I was in a reading group 15 years ago on the topic, and cite one of the books in my piece linked earlier in the thread. I think the place to start is to look at how the creeds emphasize the incarnation and the ascension. Look at, and think about, how the Nicene Creed (the one I grew up reciting as a Catholic) asserts “begotten not made” and relentlessy insists on Jesus’ “one in being with the father.” Then think about how the creeds were to a large extent (or even completely in some cases) responses to errors (aka heresies) that were widespread and seen as threats. (Or maybe in some cases it’s more accurate to say that the creed asserted a newly emerging consensus on an orthodox position.)
Gnosticism, in general terms, is probably the biggest threat to Christian belief from within. (From outside, the biggest threat is the lack of credibility of Christians, and therefore of god’s claims about his influence on his people.) It is an ancient heresy, one of the first big crises of orthodoxy, and a rampant religious temptation in modern American Christians. You can hear it almost daily on this Forum, from believers and from some of those advancing heterodox claims. It’s basically the belief in secret knowledge, as opposed to public truth. One interesting thing about the ascension is not so much that it’s ridiculous to think that a person levitating into the stratosphere is “going to heaven” but instead the pains to which the NT writers went to establish the event as a public occurrence observed by many.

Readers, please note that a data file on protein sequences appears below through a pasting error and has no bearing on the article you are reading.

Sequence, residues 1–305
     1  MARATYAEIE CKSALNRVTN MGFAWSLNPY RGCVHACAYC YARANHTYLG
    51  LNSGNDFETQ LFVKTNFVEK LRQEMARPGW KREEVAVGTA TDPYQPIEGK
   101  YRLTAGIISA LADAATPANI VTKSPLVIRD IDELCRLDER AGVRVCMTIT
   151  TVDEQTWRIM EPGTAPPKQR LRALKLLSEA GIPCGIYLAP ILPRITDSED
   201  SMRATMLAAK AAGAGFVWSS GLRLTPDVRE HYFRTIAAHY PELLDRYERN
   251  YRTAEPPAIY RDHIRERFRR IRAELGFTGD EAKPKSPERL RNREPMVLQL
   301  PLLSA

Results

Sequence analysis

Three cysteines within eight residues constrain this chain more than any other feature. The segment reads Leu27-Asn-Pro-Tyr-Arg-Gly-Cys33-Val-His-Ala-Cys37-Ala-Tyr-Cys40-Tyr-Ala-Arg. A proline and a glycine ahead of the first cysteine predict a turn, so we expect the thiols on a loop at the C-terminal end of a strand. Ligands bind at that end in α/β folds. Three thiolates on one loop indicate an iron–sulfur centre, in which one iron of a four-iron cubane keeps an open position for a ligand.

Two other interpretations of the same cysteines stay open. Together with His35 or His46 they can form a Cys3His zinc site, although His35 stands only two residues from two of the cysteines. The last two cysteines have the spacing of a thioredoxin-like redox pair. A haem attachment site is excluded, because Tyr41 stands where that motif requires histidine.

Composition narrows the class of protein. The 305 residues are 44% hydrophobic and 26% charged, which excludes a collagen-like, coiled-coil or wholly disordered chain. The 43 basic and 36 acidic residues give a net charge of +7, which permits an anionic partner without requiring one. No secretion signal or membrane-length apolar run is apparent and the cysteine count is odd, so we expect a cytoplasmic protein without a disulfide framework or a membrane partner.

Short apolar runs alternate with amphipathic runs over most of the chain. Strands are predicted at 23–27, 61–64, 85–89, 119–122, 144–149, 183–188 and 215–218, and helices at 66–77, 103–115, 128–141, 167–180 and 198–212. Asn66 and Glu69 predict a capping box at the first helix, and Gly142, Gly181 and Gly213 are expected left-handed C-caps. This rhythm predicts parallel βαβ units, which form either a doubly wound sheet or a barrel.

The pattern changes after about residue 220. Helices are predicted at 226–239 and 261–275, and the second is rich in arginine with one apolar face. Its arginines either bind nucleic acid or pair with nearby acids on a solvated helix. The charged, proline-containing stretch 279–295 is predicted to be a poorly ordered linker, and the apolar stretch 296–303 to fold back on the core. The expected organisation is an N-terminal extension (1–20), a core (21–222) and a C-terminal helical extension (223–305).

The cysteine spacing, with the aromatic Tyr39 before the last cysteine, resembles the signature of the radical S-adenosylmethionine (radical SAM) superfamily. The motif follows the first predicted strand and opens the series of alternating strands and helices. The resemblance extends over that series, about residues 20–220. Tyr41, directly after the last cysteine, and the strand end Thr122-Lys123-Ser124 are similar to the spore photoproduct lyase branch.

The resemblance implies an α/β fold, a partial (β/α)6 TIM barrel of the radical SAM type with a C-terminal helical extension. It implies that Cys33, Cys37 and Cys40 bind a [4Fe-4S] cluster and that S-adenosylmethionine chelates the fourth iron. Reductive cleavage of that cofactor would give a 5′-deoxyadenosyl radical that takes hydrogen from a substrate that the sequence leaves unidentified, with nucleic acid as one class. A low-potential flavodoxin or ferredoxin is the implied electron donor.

That was me rambling, sorry, and I apologize in advance for errors of emphasis re the history of creeds. Definitely worth learning about; for one thing, it puts American evanglicalism into sharp contrast with historical creedal Christianity, to the extent that some (including many Christian friends of mine) are willing to call evangelicalism false religion.